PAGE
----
Anyway, as soon as it’s up I shall shout and holler on here and possibly even post another picture of a kitten. Watch this space!


Wednesday, 11 May 2011

Douglas Adams: So Long and Thanks...


When I was little two of my aunties worked in care homes, and I would sometimes be dragged along to visit if there was a teacher training day or some such. My mum and my aunts, in their trinity of wisdom, would sit me down in front of a bookcase full of second-hand novels, knowing this would keep me out of trouble for hours. On one of these visits I happened to pick up a battered paperback that was to change my life: it was The Hitch-Hiker’s Guide to the Galaxy by Douglas Adams.


I think I must have been around 10 or 11. That book coursed through my neural pathways, upgrading my brain in all sorts of exciting ways. My sense of humour changed drastically, moving from the Russ Abbott Show to Monty Python, from the Chuckle Brothers* to Blackadder. I began to think about the universe and my place in it, and got my first real introduction to science-fiction outside of Star Wars.


Ford Prefect became something of a hero to me, with his responsibility avoidance and blithe confidence. Ford didn’t want to save the Universe, he wanted to go to parties and get smashed. He wanted to do stuff and write things and not worry too much about the consequences of those things (like describing the Earth as “mostly harmless”). He was cool and interesting and didn’t quite fit in on our planet, and when you’re a teenager, these attributes are extremely attractive. Still are, really.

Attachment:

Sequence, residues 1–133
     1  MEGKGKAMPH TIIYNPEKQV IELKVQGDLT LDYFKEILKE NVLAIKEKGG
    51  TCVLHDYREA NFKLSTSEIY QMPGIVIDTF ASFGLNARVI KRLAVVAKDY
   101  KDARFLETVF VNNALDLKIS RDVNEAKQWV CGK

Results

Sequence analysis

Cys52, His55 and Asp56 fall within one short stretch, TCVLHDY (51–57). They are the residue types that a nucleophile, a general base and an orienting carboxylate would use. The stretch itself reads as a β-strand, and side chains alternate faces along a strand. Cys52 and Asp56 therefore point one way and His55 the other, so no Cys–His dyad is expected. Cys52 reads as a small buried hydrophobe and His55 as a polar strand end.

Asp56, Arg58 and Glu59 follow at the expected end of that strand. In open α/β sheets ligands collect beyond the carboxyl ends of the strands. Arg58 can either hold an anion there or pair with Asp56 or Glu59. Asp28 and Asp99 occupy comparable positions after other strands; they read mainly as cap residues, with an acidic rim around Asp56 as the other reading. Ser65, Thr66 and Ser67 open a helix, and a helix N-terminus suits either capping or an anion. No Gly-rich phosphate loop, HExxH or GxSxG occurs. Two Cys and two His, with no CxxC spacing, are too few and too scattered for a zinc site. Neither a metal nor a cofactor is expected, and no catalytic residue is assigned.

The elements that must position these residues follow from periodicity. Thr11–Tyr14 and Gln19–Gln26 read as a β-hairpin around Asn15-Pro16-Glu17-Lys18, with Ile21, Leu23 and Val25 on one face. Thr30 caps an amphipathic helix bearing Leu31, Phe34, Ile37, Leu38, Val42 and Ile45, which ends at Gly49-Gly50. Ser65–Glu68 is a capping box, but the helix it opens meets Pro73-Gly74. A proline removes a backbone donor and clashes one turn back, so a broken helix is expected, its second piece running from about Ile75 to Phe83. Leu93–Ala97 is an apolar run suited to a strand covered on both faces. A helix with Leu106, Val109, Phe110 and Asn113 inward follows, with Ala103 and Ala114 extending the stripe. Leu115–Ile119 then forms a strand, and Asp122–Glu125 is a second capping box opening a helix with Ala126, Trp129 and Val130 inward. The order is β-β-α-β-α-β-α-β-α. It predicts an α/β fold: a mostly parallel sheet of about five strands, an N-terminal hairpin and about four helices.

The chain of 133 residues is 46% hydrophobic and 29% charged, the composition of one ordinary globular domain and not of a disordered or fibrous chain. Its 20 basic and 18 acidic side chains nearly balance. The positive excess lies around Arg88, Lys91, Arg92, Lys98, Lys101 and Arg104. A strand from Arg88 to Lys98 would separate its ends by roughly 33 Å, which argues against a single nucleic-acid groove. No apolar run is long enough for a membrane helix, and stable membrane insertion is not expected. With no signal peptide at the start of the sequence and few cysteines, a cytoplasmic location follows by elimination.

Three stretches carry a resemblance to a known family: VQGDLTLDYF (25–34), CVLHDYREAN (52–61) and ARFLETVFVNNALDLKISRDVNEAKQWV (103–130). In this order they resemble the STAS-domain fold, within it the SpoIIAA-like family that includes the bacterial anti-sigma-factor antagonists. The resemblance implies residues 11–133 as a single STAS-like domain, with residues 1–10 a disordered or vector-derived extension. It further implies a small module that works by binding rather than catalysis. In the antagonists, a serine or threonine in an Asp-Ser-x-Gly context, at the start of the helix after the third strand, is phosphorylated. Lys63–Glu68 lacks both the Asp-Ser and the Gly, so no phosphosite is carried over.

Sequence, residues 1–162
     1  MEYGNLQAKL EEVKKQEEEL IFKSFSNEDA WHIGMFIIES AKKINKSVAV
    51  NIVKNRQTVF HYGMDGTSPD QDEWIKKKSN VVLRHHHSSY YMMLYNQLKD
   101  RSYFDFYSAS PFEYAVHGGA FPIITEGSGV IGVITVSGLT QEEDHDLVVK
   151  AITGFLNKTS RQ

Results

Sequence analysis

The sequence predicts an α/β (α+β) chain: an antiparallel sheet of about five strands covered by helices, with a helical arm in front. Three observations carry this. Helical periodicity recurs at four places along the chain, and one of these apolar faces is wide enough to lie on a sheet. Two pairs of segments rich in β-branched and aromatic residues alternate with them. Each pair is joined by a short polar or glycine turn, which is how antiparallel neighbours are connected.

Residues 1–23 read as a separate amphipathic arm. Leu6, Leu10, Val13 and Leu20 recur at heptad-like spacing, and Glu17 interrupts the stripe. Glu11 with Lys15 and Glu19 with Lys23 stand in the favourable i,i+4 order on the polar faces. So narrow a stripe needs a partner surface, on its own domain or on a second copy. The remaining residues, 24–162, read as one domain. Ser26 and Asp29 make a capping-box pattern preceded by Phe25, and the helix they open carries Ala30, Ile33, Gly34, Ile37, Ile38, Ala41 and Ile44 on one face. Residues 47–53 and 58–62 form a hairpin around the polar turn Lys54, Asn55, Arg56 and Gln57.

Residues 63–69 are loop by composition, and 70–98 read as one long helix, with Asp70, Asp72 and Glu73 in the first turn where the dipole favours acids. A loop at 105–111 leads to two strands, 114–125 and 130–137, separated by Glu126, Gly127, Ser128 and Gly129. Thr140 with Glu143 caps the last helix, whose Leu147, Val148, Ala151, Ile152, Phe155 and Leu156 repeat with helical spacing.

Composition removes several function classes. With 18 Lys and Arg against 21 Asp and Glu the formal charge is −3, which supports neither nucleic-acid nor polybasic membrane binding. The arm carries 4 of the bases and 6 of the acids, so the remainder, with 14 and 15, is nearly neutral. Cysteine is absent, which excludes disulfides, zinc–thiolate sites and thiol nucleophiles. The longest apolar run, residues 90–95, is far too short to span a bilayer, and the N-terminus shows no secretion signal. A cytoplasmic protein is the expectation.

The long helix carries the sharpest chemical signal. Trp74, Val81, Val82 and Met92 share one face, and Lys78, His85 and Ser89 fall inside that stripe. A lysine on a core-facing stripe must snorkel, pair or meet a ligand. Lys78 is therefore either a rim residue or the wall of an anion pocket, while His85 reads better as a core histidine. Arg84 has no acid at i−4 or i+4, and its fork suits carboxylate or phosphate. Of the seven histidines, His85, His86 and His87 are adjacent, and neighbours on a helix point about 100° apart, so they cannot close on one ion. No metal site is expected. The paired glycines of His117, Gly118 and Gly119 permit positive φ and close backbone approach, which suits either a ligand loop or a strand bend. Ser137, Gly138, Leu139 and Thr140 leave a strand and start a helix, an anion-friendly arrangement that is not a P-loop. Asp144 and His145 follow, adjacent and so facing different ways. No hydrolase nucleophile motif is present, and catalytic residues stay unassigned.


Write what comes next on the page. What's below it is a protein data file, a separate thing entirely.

I read all the books in a fever of excitement, and then nearly expired with glee when I heard that there was not only a TV series but the radio series that had come first. The fact that each version veered from somewhat familiar to wildly different only pleased me more.


I look back on it now and I think I was supremely lucky to be introduced to Douglas Adams at such an impressionable age. Adams was witty and wise and a fantastically clever writer, whose tangents took you all over the wildly unlikely galaxy, often just to give you a punch line and something to think about. As I got older I read some of his thoughts on science, the natural world and Atheism, and much of what he said helped me to sort out my own confused thoughts on, yes, life, the Universe and everything. Just today I came across an article where Bop Ad talks a frightening amount of sense about the internet, and this was some 12 years ago.


When he died, 10 years ago today, I was a little bit heartbroken; I felt like I’d lost a hero, and the world had lost someone who knew more about what was coming to us than was reasonable or sensible. But I suppose, as I look back now on exactly how much of an impact that well-loved, battered paperback had on me, you don’t ever really lose your heroes. I still know where my towel is.


If you would like to listen to Marty and I blathering on about how totally froody Hitch-Hiker’s is, you can have a listen to the Box Room Special Number 42.



*Alright, to be fair, I never did like the Chuckle Brothers. Do now though, weirdly.